Retailers respond: Walgreens Boots Alliance

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Pharmacies have been elevated to an even higher level.

Editor’s note: This is part of a series of articles on how retailers are responding to the COVID-19 crisis.

I have worked in pharmacies for more than 40 years, and I’m a pharmacist myself. I’ve never known a situation like what we’ve experienced over recent weeks with the COVID-19 ­crisis.

None of us has. This is an incredible and extraordinary moment — a global pandemic of a speed and scale not seen in our lifetimes.

alex gourlay

Alex Gourlay

Yet, through all the uncertainty, as we’ve adapted in every corner of our industry to address the critical needs of our customers, patients and employees, we’re seeing something else quite incredible as well. The role of pharmacists, and the teams that support them every single day, have never been more important. Although pharmacies have always been there for their communities, in good times and bad, their value has suddenly increased even further — particularly in the minds of ­customers.

As a global company with operations in 25 countries on four continents, we first saw the dangers of the coronavirus in China, where we own a minority stake in more than 4,000 GuoDa pharmacies. Our response — not just in China, but as the crisis began to spread across Asia, Europe, the U.K., the U.S., Mexico and South America — was not just about adjusting our operations to provide as many medicines and essential products as we could. It also was about disseminating public health information to help protect the communities we serve, and finding ways to meet the needs of our customers as we all adjust to a disconcerting change in daily life.

Within our supply chains across WBA, we adapted quickly to restrictions on direct exports from China, Hong Kong and India, leaning on our networks of suppliers to find alternate sourcing. Early on, we increased inventory in seasonal illness — fever and cough/cold remedies — and we have kept these items well stocked. In categories depleted by panic buying, we have worked with manufacturing partners around the clock to accelerate production, and have increased delivery frequency to stores with our fleets and in partnership with Fed­Ex, setting company records in amount of volume moved in some essential categories.

As the pandemic reached the U.S., we adapted in real time to changing dynamics. Walgreens started by offering free prescription delivery, followed quickly by drive-through pickup of essential front-end items. Stores began operating under reduced hours (to provide time for proper cleaning and restocking), with special shopping time established for seniors and their caregivers. Our clinical teams stay in constant contact with governmental health authorities, implementing appropriate measures to ensure the safety of our team members as well as our customers — from advancing social distancing efforts with floor markings to illustrate a safe 6-foot distance to installing sneeze guards in our ­pharmacies.

We’ve leaned into our deep health expertise and commitment to communities, working with the U.S. and U.K. governments to offer COVID-19 tests in designated areas to those on the front lines. By the end of March, the first of these testing sites went live just miles from our corporate headquarters in suburban Chicago. The same weekend, several similar testing sites supported by our Boots teams began testing first responders in the U.K.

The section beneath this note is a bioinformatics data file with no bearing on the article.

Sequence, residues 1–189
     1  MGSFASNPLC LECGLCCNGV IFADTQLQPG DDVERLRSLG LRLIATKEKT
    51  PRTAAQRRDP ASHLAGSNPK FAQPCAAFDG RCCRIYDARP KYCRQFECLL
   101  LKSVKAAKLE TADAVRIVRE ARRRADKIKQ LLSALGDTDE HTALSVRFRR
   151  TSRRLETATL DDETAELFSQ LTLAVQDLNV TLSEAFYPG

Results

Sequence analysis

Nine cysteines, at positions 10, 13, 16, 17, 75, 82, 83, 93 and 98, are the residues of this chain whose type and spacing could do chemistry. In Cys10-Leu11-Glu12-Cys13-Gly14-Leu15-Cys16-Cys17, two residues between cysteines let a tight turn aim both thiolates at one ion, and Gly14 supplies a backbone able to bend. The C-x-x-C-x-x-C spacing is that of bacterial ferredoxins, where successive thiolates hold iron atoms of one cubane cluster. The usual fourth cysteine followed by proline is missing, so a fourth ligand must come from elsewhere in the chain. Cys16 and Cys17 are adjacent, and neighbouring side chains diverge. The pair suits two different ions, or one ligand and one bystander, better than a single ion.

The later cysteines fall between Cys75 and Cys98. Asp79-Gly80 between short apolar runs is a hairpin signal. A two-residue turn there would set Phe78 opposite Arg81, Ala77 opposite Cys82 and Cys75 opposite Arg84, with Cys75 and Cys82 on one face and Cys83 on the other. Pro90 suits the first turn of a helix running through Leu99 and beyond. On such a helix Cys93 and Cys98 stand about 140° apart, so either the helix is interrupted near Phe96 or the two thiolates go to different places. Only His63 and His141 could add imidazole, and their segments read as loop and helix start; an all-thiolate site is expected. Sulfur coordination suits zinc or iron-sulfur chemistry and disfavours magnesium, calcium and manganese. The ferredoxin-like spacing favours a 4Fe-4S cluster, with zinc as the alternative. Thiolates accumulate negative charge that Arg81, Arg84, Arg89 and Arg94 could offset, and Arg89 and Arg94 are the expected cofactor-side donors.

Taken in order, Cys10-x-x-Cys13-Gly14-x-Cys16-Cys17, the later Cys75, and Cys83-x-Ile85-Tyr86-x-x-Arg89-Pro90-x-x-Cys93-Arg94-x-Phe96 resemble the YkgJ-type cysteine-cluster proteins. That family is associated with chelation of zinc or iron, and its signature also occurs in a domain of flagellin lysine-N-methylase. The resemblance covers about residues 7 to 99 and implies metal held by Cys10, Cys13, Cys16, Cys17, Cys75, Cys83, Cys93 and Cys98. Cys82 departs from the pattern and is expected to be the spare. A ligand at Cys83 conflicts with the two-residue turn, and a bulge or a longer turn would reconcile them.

The response has been consistent and fantastic — the DNA of a pharmacy-led company at which everyone has played a tireless role in problem solving. We’re seeing it across our support offices, distribution centers and call centers, all the way through to our pharmacy counters.

And there is much more to come. The world is shifting as a result of this pandemic. Customers have entered a new way of behaving and thinking about their health, their vulnerability and their communities. Many aspects of life and care will change forever. As a result, companies including WBA will have to reevaluate every service we provide. We’ll be relied upon in this new world to get medications and products to customers faster because of the proximity of our brick-and-mortar locations. Flexibility in supply chains and among wholesalers and delivery partners will become critical.

What won’t change? The heart of the retail pharmacy.

Over the last several weeks, I’ve received countless texts and emails sharing tales from our stores: a patient receiving advice or comfort, customers getting basic essentials in their moment of greatest need. These stories are so simple, so otherwise ordinary to retail pharmacies, and yet in these times they have taken my breath away. I am so proud to be part of an organization and industry that does such important work — work that is now understood better than ever before.

Pharmacy matters. It matters today, it mattered yesterday, and it will matter tomorrow, in both calm and dramatic times. All of us need access to professionals in the neighborhood who can help at the drop of a hat — access to their care, their guidance, their understanding ear.

We’re providing that access constantly, ceaselessly. The world is watching us, turning to us. And in that, we should all take tremendous pride.

Alex Gourlay is co-chief operating officer of Walgreens Boots Alliance.



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